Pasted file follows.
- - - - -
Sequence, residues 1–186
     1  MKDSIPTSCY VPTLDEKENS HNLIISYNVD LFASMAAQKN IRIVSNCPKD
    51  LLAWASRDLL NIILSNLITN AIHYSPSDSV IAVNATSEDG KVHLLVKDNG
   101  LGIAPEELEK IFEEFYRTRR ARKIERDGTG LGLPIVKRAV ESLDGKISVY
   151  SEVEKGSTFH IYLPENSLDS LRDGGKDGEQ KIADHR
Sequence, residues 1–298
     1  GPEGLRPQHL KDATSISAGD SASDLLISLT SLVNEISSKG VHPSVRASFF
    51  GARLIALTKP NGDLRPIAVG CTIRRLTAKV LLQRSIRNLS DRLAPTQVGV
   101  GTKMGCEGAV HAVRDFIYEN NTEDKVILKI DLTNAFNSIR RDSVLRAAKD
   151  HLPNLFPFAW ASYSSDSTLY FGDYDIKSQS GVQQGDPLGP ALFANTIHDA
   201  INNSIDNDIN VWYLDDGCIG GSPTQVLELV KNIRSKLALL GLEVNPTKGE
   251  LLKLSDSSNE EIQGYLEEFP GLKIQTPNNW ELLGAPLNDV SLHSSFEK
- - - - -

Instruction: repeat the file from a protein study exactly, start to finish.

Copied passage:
Sequence, residues 1–186
     1  MKDSIPTSCY VPTLDEKENS HNLIISYNVD LFASMAAQKN IRIVSNCPKD
    51  LLAWASRDLL NIILSNLITN AIHYSPSDSV IAVNATSEDG KVHLLVKDNG
   101  LGIAPEELEK IFEEFYRTRR ARKIERDGTG LGLPIVKRAV ESLDGKISVY
   151  SEVEKGSTFH IYLPENSLDS LRDGGKDGEQ KIADHR
Sequence, residues 1–298
     1  GPEGLRPQHL KDATSISAGD SASDLLISLT SLVNEISSKG VHPSVRASFF
    51  GARLIALTKP NGDLRPIAVG CTIRRLTAKV LLQRSIRNLS DRLAPTQVGV
   101  GTKMGCEGAV HAVRDFIYEN NTEDKVILKI DLTNAFNSIR RDSVLRAAKD
   151  HLPNLFPFAW ASYSSDSTLY FGDYDIKSQS GVQQGDPLGP ALFANTIHDA
   201  INNSIDNDIN VWYLDDGCIG GSPTQVLELV KNIRSKLALL GLEVNPTKGE
   251  LLKLSDSSNE EIQGYLEEFP GLKIQTPNNW ELLGAPLNDV SLHSSFEK